The agency that regulates taxis in Hillsborough County has taken on the right cause lately by cracking down on unlicensed cabs. But it also needs to start cleaning up the abysmal taxis that are legally operating on the road.
The sorry picture of taxicab service was brought to light this week by hotel developer Lou Plasencia, who went off during a trade association meeting in Tampa on the "pigsty" conditions of local cabs. As the head of a local firm that develops hotels across America, Plasencia is a frequent flyer who has used taxis across the country. Those in Tampa, he said, are "deplorable" — too many dirty vehicles driven by poorly dressed drivers who don't know where they're going.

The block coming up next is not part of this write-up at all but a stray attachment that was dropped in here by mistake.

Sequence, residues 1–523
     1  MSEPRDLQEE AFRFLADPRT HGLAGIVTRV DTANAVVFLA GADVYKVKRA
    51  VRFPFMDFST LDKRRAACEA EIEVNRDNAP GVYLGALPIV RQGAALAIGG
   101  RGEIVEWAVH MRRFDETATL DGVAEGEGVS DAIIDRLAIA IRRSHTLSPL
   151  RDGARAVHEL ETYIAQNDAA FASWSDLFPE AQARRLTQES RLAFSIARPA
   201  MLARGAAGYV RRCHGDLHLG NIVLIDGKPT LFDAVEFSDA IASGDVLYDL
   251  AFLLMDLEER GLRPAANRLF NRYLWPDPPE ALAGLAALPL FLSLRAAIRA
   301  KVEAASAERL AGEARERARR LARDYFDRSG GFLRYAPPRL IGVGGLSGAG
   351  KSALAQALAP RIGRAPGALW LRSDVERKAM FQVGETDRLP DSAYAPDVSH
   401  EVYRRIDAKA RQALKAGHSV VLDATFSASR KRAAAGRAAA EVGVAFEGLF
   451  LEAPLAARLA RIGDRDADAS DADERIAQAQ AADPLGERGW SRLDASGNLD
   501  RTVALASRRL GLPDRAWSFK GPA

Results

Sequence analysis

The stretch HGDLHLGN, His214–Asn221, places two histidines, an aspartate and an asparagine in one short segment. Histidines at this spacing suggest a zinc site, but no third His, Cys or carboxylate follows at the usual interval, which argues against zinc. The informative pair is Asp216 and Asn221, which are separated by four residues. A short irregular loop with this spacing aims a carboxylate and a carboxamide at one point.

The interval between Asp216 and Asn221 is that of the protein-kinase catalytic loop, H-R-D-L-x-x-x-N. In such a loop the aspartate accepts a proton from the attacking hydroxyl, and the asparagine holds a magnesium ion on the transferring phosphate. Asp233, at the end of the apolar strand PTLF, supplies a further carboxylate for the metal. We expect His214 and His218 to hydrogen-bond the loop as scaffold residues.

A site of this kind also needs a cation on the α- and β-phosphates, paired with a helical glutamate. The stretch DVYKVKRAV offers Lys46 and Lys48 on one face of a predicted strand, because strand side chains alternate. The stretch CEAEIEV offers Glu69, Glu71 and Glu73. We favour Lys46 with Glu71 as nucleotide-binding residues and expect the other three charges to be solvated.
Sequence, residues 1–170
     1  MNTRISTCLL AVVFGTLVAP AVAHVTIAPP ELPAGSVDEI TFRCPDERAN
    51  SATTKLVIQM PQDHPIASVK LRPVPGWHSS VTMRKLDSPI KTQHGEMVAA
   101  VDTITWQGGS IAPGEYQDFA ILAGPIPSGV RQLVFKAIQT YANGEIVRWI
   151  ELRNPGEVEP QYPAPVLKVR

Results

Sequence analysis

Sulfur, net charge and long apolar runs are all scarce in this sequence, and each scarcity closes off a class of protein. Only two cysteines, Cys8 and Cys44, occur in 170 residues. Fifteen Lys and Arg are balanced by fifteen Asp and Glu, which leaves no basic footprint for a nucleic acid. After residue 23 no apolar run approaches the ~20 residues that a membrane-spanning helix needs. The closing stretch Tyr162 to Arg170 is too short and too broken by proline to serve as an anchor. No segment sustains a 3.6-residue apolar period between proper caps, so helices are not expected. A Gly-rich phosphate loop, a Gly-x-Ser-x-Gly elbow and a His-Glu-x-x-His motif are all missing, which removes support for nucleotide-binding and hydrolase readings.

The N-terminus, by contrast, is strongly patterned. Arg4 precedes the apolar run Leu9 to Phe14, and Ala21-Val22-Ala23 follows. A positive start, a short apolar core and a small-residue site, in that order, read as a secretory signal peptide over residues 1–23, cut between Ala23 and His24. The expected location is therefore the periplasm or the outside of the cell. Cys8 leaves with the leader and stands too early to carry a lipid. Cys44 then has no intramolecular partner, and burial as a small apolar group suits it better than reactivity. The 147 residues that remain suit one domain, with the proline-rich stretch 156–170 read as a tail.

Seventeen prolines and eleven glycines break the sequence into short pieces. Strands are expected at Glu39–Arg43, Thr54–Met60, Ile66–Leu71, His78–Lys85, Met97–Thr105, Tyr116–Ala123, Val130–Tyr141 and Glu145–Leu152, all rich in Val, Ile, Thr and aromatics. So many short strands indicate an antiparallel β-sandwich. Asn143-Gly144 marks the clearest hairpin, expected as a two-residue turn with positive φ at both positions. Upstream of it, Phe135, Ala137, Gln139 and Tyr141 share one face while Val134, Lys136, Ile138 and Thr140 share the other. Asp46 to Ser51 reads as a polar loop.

Sweeping generalizations are usually trouble, but complaints over taxicabs in Hillsborough are nothing new. Taxis can be slow to respond — if they respond at all. Drivers are often unkempt and rude, glued to their phones and clueless or worse about the best way to get around the city. And taxis in the Tampa market are not cheap. Plasencia spoke for many in voicing this long-held frustration.
Tampa has just opened two new downtown hotels. Tampa International is landing new overseas flights. The city has spent millions of tax dollars in recent years on new parks and cultural facilities. Yet the first impression many visitors have is when they step into a taxi. It should be a pleasant experience for tourists and residents alike.